WASHINGTON -- Allergic to gluten? What about peanuts? Federal disabilities law may be able to help.
The Justice Department said in a recent settlement with a Massachusetts college that severe food allergies can be considered a disability under the law. That gives those who suffer from such allergies a new avenue in seeking menus that fit their diet.
The decision could leave schools, restaurants and other places that serve food more exposed to legal challenges if they fail to honor requests for accommodations by people with food allergies.
Colleges and universities are especially vulnerable because they often require students to eat on campus, said Eve Hill of the Justice Department's Civil Rights Division.
A restaurant also could be liable if it blatantly ignored a regular customer's request for certain foods and that person became ill.
At least one student had complained to the federal government after the school would not exempt that student from a meal plan even though the student couldn't eat the food.
"All colleges should heed this settlement," said Alice Bast, president of the National Foundation for Celiac Awareness. "To our community, this is definitely a precedent."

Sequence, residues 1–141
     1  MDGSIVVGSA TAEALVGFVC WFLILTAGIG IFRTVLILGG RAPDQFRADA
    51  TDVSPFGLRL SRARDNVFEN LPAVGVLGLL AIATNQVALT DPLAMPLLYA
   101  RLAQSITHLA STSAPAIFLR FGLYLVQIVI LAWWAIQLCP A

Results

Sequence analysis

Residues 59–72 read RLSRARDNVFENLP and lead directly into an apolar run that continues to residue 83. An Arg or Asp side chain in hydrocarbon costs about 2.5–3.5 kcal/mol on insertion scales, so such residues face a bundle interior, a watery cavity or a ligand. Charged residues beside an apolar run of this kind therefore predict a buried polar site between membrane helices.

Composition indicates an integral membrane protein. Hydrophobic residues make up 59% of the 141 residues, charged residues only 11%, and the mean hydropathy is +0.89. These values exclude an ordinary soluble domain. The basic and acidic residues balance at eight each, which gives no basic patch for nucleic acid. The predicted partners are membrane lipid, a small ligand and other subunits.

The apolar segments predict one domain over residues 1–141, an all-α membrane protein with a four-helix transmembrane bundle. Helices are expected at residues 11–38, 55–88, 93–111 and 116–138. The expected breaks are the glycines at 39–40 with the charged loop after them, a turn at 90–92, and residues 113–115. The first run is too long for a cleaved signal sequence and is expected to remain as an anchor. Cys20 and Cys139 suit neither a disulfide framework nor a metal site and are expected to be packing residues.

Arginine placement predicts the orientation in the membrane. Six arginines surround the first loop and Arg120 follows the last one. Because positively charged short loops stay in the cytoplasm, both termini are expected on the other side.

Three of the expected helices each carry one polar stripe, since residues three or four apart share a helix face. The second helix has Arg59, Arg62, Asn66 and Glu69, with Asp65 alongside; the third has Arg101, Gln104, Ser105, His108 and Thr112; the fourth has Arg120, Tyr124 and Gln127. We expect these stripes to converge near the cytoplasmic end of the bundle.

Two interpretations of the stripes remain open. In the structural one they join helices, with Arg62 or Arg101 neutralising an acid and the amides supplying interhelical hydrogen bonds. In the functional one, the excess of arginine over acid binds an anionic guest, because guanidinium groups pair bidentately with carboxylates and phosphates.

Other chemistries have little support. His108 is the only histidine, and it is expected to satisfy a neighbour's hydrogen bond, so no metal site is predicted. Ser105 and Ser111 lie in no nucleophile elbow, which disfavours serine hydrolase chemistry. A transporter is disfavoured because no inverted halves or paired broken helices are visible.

Under the agreement, Lesley University says it will not only provide gluten-free options in its dining hall but also allow students to pre-order them.
It will also provide a dedicated space for storage and preparation to avoid contamination from food ingredients containing gluten, train staff about food allergies and pay a $50,000 cash settlement to affected students.
"When a college has a mandatory meal plan, they have to be prepared to make reasonable modifications to that meal plan to accommodate students with disabilities," Hill said.
People who suffer from celiac disease don't absorb nutrients well and can get sick from gluten found in wheat, rye and barley.
The illness affects about 2 million Americans.